• raphael a

    If the school is so run down that kids are unsupervised and not learning, and the author had days where he was sick to his stomach working there, what good is guilt tripping or self congratulation?Schools like this aren’t evidence that public schools are failing these kids?They need a major structural overhaul because we’ve tried everything, and smaller class size isn’t feasible with 14 trillion deficits.More “heroes” won’t help. Unless you think “heroes” would have saved the railroads when they became obsolete.

  • balconesfault

    “Unless you think “heroes” would have saved the railroads when they became obsolete.”LOL – another discussion. Railroads are in fact having a big resurgance because of their tremendous fuel efficiency for long hauls of heavy cargo – and for urban transit where people have gotten tired of hour-long commutes in single-passenger vehicles when they could be reading or working for the trip.One of the daunting challenges is the overcrowding of existing rail lines – particularly frustrating when you consider how much more rail existed 100 years ago in this country. The cost of replacing a fraction of that former infrastructure (particularly the right-of-way costs) are a huge impediment to expanding rail service to meet current demand.Some “heroes” who would have saved more of those rights of way would have save America billions going forward.

  • agbiggs

    “she drove like a mad-woman through the back streets of Philadelphia to the high school where me and many others attended classes all day…”Me suspects they weren’t classes in English grammar…

  • Mike K

    “But we keep looking back nostalgically to the days when the teaching profession had essentially captive workforces of highly educated women and minorities, and complaining that the teaching profession suffers from talent loss. Free marketeers usually understand what it takes to attract better talent to a workforce … “I don’t disagree, and pointed out that teachers could be paid more if the bloated administrative staffs of school districts were cut in half. The New York Archdiocese taught 600,000 students with a staff of about 50 a few years ago. Critics accused them of skimming the best students so they offered to take handicapped students.http://tinyurl.com/lekh8sI have also been involved in the development of several private schools in Orange County, CA and found excellent teachers willing to work for less than they could earn in public schools, even though the local public schools are quite good.I am also involved in supporting the Catholic high school I attended over 50 years ago. It has an excellent record with boys from blue collar backgrounds. Most of the Catholic schools in CHicago, and other cities, have closed and it survives only through heavy alumni support.http://www.leohighschool.org/html/index.html“When is the last time you heard a Republican say anything even remotely meaningful or relevant about life in the inner city? It’s as if they don’t know or care that these places exist.”A standard lie from the left. Dan, why don’t you send Leo High a check ? Hundreds of Republicans do.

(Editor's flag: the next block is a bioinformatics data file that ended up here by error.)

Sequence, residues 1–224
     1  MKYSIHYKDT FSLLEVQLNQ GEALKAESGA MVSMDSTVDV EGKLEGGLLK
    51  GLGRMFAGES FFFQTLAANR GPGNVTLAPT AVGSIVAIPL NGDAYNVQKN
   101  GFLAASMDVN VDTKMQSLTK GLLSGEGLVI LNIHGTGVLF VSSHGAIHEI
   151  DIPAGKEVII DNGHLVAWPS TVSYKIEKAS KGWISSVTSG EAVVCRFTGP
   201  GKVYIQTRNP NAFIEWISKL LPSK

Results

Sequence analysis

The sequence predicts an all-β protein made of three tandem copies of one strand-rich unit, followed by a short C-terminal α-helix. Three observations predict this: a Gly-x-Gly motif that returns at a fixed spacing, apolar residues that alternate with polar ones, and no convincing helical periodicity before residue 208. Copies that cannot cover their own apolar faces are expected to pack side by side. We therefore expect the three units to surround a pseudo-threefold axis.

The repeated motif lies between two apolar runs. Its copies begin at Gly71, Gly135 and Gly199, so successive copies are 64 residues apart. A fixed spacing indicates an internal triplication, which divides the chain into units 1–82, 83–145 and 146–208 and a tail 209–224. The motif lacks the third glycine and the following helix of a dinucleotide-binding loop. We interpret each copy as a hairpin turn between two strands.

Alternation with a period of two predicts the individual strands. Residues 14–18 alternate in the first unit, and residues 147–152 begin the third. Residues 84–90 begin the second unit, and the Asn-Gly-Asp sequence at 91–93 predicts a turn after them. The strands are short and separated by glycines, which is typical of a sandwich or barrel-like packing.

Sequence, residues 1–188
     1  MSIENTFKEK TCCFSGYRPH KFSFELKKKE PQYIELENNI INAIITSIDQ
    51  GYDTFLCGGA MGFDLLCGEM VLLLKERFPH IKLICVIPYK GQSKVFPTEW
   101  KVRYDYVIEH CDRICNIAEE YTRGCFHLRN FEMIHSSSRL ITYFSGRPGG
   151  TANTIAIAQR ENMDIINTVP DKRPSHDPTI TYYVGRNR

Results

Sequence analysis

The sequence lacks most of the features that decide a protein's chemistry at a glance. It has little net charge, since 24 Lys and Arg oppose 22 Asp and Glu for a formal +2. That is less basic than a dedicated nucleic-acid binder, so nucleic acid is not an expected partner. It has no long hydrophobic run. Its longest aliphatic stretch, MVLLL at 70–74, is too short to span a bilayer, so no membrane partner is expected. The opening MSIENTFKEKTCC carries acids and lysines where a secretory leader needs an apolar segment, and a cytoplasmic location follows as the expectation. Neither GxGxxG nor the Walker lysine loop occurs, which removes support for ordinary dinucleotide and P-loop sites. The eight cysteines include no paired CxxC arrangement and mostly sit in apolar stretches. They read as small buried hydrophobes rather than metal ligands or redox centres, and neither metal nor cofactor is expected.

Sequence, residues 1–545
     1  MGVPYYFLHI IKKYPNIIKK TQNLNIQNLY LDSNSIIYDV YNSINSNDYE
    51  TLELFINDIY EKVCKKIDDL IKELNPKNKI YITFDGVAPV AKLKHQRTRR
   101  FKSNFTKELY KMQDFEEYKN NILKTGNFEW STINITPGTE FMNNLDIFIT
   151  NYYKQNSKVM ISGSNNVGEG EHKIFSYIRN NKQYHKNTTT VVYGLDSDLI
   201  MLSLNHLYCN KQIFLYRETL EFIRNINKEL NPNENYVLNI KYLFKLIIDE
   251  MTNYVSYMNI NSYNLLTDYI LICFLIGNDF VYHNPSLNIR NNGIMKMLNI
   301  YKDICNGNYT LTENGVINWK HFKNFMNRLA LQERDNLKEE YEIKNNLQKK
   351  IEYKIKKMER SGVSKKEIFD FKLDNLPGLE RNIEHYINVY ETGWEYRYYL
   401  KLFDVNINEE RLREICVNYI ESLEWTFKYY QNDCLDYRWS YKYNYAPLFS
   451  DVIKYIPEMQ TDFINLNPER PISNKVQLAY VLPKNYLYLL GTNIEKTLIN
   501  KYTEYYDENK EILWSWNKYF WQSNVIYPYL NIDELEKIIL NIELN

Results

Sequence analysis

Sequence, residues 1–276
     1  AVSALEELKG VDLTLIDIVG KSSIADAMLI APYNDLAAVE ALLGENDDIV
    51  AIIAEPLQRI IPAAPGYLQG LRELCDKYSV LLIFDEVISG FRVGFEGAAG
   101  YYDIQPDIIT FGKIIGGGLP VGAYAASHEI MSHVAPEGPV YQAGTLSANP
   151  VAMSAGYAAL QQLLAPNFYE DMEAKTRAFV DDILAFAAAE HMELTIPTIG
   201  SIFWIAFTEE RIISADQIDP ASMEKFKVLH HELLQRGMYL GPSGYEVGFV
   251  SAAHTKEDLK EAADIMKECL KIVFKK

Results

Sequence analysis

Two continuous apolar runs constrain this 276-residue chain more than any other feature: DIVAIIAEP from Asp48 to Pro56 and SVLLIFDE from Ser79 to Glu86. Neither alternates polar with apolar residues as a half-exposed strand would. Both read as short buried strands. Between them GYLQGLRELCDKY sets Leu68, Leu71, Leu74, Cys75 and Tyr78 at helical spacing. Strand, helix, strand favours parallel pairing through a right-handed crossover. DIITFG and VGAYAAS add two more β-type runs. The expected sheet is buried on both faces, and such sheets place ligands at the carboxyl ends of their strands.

• balconesfault

    “teachers could be paid more if the bloated administrative staffs of school districts were cut in half”You haven’t really looked into the bureaucratic requirements that NCLB imposed on school districts, have you? That’s not going to happen anytime soon.Additionally, Catholic Schools have a huge advantage – self-selecting population, and the ability to expel those who clearly don’t want to be there.In particular, I think that cuts have hit the “assistant Principal” ranks too heavily – and those assistant Principals were always the first line of discipline. As schools saved money by reducing their numbers, teachers had to pick up more of the responsibilities for discipline (see above), both forcing them into a different relationship with their students, and detracting from their teaching time – not to mention requiring an entirely new skillset, and as we know, each time you require a workforce to master additional skillsets, you need to be willing to pay more for the people who have the capability of mastering additional skillsets.